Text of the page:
October 23, 2008
Cancer Drug Shows Promise Against MS but With Some Risks
By Rita Rubin
A leukemia drug was about 70% more effective than a standard therapy in treating early multiple sclerosis, according to clinical trial results in today's New England Journal of Medicine.
The drug, alemtuzumab, depletes the body of the white blood cells that attack myelin, which are eventually replaced by new white blood cells that don't. For reasons not yet clear, though, alemtuzumab raised patients' risk of autoimmune diseases of the thyroid or platelets, and one study participant died as a result.
Closer monitoring of patients in larger trials before the drug is approved for MS should head off such problems, says co-author Susan Moran, medical director at Genzyme, which co-funded the study with Bayer Schering Pharma.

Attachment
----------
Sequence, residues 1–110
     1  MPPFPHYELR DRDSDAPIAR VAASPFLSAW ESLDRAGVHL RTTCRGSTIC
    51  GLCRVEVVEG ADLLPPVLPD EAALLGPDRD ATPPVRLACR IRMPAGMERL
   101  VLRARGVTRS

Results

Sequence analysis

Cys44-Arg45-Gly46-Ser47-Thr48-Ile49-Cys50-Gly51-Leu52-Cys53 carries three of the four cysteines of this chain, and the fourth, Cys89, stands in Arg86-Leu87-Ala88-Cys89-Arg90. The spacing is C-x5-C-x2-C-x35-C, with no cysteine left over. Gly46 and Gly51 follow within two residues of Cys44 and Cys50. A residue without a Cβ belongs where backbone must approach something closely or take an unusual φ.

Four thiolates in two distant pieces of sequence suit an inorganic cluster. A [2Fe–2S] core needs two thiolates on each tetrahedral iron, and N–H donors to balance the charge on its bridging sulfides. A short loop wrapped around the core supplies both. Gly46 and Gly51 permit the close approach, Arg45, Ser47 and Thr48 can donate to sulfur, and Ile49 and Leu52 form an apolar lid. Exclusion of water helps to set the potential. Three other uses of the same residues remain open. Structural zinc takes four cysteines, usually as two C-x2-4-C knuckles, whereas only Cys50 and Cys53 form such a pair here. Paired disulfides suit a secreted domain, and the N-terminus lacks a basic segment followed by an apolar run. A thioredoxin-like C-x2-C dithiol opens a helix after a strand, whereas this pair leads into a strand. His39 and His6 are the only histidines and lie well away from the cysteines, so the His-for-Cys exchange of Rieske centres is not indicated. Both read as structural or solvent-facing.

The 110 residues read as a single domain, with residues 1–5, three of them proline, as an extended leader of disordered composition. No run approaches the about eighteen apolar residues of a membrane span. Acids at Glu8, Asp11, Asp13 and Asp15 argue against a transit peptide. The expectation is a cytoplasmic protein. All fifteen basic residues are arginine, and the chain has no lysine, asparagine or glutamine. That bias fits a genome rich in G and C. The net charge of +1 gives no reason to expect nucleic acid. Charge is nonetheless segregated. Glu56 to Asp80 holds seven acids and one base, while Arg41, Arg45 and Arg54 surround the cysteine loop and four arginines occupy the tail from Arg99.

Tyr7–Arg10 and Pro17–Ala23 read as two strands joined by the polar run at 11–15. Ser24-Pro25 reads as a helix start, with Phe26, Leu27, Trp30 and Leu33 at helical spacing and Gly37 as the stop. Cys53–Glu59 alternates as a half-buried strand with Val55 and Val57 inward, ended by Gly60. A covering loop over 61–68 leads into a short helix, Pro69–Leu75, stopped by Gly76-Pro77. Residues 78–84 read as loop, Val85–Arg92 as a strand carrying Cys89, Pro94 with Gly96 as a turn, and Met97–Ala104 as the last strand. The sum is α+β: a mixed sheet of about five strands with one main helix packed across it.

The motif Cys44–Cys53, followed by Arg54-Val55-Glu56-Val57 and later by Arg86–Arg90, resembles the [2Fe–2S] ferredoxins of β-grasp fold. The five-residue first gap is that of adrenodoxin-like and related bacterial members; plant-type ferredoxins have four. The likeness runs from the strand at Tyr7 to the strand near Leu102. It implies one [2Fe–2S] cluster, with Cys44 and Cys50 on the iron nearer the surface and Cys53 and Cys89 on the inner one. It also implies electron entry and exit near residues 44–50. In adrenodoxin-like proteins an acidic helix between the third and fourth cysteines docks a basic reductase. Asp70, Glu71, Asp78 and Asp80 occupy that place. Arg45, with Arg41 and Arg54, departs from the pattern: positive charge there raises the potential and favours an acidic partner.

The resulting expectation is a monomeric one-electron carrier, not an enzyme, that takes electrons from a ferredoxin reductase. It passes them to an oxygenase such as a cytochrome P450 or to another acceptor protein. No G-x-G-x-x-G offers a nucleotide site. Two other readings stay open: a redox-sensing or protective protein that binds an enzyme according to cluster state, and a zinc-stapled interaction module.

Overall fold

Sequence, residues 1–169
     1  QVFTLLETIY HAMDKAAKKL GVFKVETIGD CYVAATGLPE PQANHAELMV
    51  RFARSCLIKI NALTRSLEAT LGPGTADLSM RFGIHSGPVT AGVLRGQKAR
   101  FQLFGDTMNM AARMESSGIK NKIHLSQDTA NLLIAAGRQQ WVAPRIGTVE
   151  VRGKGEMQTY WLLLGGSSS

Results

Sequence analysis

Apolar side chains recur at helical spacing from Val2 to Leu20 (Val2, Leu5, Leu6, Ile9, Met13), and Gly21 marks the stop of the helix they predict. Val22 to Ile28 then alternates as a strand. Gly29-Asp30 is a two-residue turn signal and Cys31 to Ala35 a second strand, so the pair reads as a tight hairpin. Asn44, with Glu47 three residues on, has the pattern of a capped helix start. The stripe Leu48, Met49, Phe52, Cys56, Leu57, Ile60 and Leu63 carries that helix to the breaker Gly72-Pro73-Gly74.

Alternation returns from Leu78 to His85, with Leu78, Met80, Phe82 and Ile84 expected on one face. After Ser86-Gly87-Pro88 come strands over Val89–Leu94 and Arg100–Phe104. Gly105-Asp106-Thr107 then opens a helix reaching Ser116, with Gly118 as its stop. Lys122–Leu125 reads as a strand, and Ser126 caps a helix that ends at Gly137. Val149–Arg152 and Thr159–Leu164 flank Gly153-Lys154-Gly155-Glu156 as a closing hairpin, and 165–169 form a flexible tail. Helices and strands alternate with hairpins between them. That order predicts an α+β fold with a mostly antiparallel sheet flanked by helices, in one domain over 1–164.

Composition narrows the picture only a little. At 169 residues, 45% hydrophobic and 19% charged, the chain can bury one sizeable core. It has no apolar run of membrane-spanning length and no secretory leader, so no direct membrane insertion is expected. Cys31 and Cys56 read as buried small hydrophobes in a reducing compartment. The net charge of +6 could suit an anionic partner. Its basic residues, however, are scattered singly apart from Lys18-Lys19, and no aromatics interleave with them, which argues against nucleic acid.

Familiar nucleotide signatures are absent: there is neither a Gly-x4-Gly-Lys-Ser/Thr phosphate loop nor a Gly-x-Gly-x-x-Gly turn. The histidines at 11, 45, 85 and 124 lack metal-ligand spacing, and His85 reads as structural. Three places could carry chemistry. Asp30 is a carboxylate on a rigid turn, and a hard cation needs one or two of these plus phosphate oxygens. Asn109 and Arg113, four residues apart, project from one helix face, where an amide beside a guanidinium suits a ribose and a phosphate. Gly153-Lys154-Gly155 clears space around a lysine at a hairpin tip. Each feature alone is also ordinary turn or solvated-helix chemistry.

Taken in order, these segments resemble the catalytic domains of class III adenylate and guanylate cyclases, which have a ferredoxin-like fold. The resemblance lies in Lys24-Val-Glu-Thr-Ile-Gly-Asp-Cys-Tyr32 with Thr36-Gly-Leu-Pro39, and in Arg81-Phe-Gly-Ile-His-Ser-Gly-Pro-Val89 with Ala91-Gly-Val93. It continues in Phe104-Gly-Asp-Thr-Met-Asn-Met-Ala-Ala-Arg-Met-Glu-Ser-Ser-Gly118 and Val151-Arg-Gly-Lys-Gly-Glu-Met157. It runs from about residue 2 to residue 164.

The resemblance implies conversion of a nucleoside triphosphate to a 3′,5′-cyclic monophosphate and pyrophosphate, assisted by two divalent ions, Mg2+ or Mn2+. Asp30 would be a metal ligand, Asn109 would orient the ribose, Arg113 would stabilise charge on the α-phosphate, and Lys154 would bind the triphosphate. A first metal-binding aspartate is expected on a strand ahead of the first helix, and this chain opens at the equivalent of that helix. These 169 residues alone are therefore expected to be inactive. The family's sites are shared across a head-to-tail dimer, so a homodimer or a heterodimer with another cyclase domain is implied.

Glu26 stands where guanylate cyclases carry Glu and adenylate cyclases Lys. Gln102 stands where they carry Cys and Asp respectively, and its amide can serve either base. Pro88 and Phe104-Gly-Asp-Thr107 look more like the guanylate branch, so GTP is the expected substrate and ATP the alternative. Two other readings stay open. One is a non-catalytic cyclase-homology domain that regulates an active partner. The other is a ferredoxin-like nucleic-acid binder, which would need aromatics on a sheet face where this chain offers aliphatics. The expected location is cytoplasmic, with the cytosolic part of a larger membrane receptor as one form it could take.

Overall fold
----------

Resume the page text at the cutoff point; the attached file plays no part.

In the MS trial, researchers randomly assigned 334 patients to get either alemtuzumab or Rebif, a brand of interferon beta, for three years.
Participants all had relapsing-remitting MS, the initial diagnosis for 85% of people with MS, characterized by attacks of worsening neurologic function followed by partial or complete remissions.
Although he calls the alemtuzumab trial's results "remarkable," Stephen Hauser, a University of California-San Francisco neurologist, writes in an editorial that alemtuzumab's "toxic effects ... considerably dampen any enthusiasm for its routine use ... until more is known about its long-term safety and sustained efficacy."
In an interview, John Richert, executive vice president for research and clinical programs at the National MS Society, notes that alemtuzumab "is many years away from being generally available as a treatment for MS."
A larger and longer trial is needed, Richert says, to see whether alemtuzumab "is as strongly efficacious" as the newly published results suggest. (c) Copyright 2008 USA TODAY, a division of Gannett Co. Inc. <>>